As can be seen in Table 1, almost 2800 articles deal with the internationalisation of companies, while fewer--584--have a focus on service firms. When 'internationalisation of firms' is combined with 'emerging markets' 379 articles are identified, while the number decreases to 67 when related to service firms. From the table it is also clear that more articles are dealing with 'social' rather than 'political' aspects and that only one article is found when 'internationalisation of firms/service firms', 'emerging markets' and 'sociopolitical' are combined. The article 'Internationalization Through Sociopolitical Relationships: MNEs in India' by Elg et al. (2015) was published in 2015 and the authors point to the importance of more empirical studies, including MNEs from varying countries.
Hence, this study encounters the three research paths of MNEs in services, politics and society in an emerging market context. As indicated in the table above, each of these paths has attracted a number of researchers, though each with a different theoretical and empirical basis. A service can be defined as internationalised when it operates in a foreign country, employing one or more of the four classifications stated in the introduction. The classifications further determine if and how the services become interconnected to business, society and political issues in foreign countries. Given the diversity in the nature of the service, internationalisation researchers state that no single theory is likely to be correct (see for example Richardson 1987). Authors like Clark and Rajaratnam (1999) connect the selection of a theory to the types and nature of services. In this vein the internationalisation model becomes related to the degree of, (a) intangibility, (b) heterogeneity, (c) perishability and (d) inseparability. While the first type (contact-based) presents the classic nature of services and interaction, the other types allow producers to be present without actually crossing national borders. But governments try to exercise a form of control, for example, in how information or communication is transmitted across their boundaries (Ross and Crossan 2012). ICT projects are mostly object-based, and the social goals are driven by mutuality and interdependence among the involved parties.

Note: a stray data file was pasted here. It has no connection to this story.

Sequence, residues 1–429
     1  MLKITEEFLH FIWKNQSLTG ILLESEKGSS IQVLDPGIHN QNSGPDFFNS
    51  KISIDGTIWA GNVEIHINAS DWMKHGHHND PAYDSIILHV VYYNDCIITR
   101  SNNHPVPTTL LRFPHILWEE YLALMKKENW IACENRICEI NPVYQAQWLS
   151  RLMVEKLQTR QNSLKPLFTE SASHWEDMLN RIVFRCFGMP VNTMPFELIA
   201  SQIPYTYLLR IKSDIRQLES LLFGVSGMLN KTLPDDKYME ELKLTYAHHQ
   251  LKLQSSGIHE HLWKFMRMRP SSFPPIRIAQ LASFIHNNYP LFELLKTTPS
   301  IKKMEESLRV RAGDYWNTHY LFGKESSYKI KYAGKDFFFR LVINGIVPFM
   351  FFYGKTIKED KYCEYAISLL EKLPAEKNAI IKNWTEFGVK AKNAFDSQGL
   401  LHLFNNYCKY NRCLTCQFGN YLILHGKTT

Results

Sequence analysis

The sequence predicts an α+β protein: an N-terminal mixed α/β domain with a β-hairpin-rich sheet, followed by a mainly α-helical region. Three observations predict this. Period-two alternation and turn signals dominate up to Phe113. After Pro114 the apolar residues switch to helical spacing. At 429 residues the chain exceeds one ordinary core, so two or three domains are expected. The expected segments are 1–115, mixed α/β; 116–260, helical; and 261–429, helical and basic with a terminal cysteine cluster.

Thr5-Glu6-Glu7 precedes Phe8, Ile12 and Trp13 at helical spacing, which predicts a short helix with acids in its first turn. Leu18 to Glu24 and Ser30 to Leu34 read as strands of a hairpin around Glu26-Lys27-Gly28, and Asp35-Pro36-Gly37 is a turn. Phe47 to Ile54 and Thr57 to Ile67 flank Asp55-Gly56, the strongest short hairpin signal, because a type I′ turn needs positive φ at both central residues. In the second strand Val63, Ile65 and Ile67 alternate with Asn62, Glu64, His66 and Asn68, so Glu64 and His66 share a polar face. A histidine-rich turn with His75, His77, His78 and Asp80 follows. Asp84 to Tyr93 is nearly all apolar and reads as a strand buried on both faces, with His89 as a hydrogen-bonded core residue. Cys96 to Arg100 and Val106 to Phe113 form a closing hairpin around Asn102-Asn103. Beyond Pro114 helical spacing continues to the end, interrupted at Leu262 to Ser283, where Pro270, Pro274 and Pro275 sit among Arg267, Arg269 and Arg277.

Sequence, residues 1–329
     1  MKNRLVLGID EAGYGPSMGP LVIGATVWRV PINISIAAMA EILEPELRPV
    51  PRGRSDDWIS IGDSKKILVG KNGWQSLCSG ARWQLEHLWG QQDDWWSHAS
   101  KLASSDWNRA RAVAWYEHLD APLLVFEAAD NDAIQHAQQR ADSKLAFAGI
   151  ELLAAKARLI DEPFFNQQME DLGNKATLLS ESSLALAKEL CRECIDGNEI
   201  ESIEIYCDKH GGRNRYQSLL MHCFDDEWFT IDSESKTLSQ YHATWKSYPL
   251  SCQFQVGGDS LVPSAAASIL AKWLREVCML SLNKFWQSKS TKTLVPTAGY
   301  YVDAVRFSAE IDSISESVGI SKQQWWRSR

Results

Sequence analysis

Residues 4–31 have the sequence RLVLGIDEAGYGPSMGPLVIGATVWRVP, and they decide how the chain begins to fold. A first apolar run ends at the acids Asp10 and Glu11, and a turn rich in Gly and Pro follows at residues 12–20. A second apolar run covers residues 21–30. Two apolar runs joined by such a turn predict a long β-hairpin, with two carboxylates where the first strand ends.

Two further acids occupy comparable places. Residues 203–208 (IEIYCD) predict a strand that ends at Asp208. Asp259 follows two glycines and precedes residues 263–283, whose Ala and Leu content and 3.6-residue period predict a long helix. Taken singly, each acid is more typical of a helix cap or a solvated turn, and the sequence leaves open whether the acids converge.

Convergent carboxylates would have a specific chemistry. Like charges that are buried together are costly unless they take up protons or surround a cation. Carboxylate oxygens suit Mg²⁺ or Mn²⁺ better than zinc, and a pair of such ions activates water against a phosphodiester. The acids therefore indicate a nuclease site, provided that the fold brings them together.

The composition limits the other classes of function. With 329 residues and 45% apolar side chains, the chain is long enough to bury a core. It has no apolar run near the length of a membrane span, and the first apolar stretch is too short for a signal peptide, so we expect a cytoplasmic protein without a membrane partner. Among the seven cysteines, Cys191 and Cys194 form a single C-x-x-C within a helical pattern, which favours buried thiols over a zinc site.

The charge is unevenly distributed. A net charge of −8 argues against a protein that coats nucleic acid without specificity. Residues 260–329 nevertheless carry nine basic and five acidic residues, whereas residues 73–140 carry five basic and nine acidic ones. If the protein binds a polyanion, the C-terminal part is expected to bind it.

Earlier theoretical contributions related to the topic of this paper are studies of governments' coercive or/and supportive actions. The studies range from the presumption that management is a function of a response to the political environment (Cui and Jiang 2012; Meyer et al. 2014), to the design of coping strategies. The coping strategies view is often dealt with as the management of risk (Miller 1992), country risk ratings (Cosset and...